I'm competing in the poetry category for my speech team in a week. We're allowed to do more than one to fill 5-10 minutes. You read/act out a poem(s) of your choice.
Now I've been thinking of doing a compilation about forced conformity. I would open it with Sylvia Plath's The Applicant, then do The Magdalene Laundries (A Joni Mitchell song) and close with Plath's The Courage of Shutting up after which I will tack on a stanza of her The Bee Meeting to give it some closure. These judges are all amateurs so it has to really make sense. What do you all think? Here are the pieces:
First, are you our sort of a person?
Do you wear
A glass eye, false teeth or a crutch,
A brace or a hook,
Rubber breasts or a rubber crotch,
Stitches to show something's missing? No, no? Then
How can we give you a thing?
Open your hand.
Empty? Empty. Here is a hand
To fill it and willing
To bring teacups and roll away headaches
And do whatever you tell it.
Will you marry it?
It is guaranteed
To thumb shut your eyes at the end
And dissolve of sorrow.
We make new stock from the salt.
I notice you are stark naked.
How about this suit----
Black and stiff, but not a bad fit.
Will you marry it?
It is waterproof, shatterproof, proof
Against fire and bombs through the roof.
Believe me, they'll bury you in it.
Now your head, excuse me, is empty.
I have the ticket for that.
Come here, sweetie, out of the closet.
Well, what do you think of that ?
Naked as paper to start
But in twenty-five years she'll be silver,
In fifty, gold.
A living doll, everywhere you look.
It can sew, it can cook,
It can talk, talk , talk.
It works, there is nothing wrong with it.
You have a hole, it's a poultice.
You have an eye, it's an image.
My boy, it's your last resort.
Will you marry it, marry it, marry it.
The Magdalene Laundries
I was an unmarried girl
Id just turned twenty-seven
When they sent me to the sisters
For the way men looked at me
Branded as a jezebel
I knew I was not bound for heaven
Id be cast in shame
Into the magdalene laundries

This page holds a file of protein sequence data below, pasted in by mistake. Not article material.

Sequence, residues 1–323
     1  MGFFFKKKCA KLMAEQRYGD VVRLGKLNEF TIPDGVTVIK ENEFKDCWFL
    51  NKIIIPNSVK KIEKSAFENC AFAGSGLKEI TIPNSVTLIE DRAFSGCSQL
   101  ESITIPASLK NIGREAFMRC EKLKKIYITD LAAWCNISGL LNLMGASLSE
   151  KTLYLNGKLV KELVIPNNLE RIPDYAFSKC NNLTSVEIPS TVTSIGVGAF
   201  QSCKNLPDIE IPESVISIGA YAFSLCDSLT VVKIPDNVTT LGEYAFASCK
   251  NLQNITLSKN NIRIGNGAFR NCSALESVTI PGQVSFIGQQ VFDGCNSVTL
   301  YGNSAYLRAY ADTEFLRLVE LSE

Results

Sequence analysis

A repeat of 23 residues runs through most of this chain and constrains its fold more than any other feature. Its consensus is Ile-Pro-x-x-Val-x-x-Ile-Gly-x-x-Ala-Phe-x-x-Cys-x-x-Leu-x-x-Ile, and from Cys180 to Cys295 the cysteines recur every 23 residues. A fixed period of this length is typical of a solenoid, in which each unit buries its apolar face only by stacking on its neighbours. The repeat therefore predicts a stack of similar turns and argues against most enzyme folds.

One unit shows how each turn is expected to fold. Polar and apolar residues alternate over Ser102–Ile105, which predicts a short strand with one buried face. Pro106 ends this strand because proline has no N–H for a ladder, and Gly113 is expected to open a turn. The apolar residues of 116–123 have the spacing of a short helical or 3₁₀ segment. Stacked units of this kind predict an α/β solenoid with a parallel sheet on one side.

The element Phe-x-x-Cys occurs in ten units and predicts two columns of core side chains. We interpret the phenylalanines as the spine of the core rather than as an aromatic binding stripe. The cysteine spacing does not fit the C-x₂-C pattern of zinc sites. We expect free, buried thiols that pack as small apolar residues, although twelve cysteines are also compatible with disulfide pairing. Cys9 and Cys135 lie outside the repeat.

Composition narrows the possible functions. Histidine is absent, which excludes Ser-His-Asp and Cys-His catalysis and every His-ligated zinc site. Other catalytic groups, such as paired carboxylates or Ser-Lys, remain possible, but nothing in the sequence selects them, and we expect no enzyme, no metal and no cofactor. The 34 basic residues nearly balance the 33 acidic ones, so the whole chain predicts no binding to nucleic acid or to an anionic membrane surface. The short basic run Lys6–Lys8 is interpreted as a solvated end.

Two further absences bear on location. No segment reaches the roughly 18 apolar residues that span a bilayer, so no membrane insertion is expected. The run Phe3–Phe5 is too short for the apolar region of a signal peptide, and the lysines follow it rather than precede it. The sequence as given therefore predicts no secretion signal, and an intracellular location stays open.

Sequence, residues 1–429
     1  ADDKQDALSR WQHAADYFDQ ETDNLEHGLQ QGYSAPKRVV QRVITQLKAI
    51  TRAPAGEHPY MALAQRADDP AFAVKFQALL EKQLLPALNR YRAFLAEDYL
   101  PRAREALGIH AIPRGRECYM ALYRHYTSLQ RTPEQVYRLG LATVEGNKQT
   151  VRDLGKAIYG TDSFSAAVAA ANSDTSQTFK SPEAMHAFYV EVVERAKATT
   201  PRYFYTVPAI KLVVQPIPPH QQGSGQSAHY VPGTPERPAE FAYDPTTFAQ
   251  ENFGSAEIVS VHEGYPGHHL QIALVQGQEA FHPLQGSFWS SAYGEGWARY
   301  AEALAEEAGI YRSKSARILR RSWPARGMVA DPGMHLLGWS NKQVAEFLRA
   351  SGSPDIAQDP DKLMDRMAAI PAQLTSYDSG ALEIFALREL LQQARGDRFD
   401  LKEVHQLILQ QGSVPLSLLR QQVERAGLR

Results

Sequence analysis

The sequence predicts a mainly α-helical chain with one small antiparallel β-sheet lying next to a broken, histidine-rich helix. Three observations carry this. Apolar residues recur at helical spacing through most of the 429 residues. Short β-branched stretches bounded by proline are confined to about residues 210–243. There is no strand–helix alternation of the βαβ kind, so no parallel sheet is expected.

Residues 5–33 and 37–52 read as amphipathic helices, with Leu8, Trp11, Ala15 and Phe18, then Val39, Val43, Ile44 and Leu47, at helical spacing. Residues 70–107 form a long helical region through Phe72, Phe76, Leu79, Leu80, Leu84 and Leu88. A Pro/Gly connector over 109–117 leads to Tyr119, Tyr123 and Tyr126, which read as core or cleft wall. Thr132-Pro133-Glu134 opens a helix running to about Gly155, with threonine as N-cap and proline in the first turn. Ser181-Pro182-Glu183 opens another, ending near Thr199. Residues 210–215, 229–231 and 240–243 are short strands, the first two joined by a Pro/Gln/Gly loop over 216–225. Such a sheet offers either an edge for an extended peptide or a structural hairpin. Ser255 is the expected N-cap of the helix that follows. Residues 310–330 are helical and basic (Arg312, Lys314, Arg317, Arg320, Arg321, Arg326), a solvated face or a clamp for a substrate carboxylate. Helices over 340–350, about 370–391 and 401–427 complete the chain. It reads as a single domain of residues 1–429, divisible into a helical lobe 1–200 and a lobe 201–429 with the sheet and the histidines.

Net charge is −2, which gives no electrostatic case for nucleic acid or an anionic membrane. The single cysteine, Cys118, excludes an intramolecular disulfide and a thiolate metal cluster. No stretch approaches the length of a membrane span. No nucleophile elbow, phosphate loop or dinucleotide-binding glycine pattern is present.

Most girls come here pregnant
Some by their own fathers
Bridget got that belly
By her parish priest
Were trying to get things white as snow
All of us woe-begotten-daughters
In the streaming stains
Of the magdalene laundries
Prostitutes and destitutes
And temptresses like me--
Sentenced into dreamless drudgery ...
Why do they call this heartless place
Our lady of charity?
These bloodless brides of jesus
If they had just once glimpsed their groom
Then theyd know, and theyd drop the stones
Concealed behind their rosaries
They wilt the grass they walk upon
They leech the light out of a room
Theyd like to drive us down the drain
At the magdalene laundries
Peg oconnell died today
She was a cheeky girl
They just stuffed her in a hole!
Surely to God youd think at least some bells should ring!
One day Im going to die here too
And theyll plant me in the dirt
Like some lame bulb
That never blooms come any spring
Not any spring
No, not any spring
Not any spring
The Courage of Shutting Up
The courage of the shut mouth, in spite of artillery!
The line pink and quiet, a worm, basking.
There are black discs behind it, the discs of outrage,
And the outrage of the sky, the lined brain of it.
The discs revolve, they ask to be heard –
Loaded, as they are, with accounts of bastardies.
Bastardies, usages, desertions and doubleness,
The needle journeying in its groove,
Silver beast between two dark canyons,
A great surgeon, now a tattooist,
Tattooing over and over the same blue grievances,
The snakes, the babies, the tits
On mermaids and two-legged dreamgirls.
The surgeon is quiet, he does not speak.
He has seen too much death, his hands are full of it.
So the discs of the brain revolve, like the muzzles of cannon.
Then there is that antique billhook, the tongue,
Indefatigable, purple. Must it be cut out?
It has nine tails, it is dangerous.
And the noise it flays from the air, once it gets going!
No, the tongue, too, has been put by,
Hung up in the library with the engravings of Rangoon
And the fox heads, the otter heads, the heads of dead rabbits.
It is a marvellous object –
The things it has pierced in its time.
But how about the eyes, the eyes, the eyes?
Mirrors can kill and talk, they are terrible rooms
In which a torture goes on one can only watch.
The face that lived in this mirror is the face of a dead man.
Do not worry about the eyes –
They may be white and shy, they are no stool pigeons,
Their death rays folded like flags
Of a country no longer heard of,
An obstinate independency
Insolvent among the mountains.
(This is what I want to tack on the end to close from Plath's The Bee Meeting)
I am exhausted, I am exhausted ----
Pillar of white in a blackout of knives.
I am the magician's girl who does not flinch.
The villagers are untying their disguises, they are shaking hands.
Whose is that long white box in the grove, what have they accomplished, why am I cold.